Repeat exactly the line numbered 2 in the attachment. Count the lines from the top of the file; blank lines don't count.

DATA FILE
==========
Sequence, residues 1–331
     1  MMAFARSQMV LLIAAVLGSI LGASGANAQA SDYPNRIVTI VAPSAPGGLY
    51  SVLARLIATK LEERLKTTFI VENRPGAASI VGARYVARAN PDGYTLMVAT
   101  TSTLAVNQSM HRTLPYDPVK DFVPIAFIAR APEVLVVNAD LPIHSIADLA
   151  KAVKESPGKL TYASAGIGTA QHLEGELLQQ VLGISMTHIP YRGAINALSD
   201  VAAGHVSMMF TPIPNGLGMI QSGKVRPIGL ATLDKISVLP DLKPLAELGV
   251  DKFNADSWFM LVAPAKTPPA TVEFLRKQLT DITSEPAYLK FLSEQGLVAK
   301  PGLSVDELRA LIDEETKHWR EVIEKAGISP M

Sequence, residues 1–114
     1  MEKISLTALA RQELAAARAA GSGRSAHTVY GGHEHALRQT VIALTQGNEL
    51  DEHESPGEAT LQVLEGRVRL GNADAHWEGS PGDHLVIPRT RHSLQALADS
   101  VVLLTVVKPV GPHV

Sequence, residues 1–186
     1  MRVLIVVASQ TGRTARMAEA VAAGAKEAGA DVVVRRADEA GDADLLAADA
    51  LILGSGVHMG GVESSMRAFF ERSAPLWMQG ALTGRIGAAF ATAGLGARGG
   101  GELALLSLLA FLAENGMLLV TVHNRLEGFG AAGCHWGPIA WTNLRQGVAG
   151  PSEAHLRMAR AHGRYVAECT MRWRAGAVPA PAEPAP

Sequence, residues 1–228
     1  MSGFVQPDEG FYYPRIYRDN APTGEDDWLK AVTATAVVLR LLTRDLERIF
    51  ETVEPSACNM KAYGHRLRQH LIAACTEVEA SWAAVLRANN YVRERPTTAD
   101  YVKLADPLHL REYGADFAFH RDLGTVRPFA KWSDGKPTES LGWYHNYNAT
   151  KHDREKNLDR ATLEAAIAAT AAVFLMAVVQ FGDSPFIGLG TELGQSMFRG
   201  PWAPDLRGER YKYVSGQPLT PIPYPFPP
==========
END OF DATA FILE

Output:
     1  MMAFARSQMV LLIAAVLGSI LGASGANAQA SDYPNRIVTI VAPSAPGGLY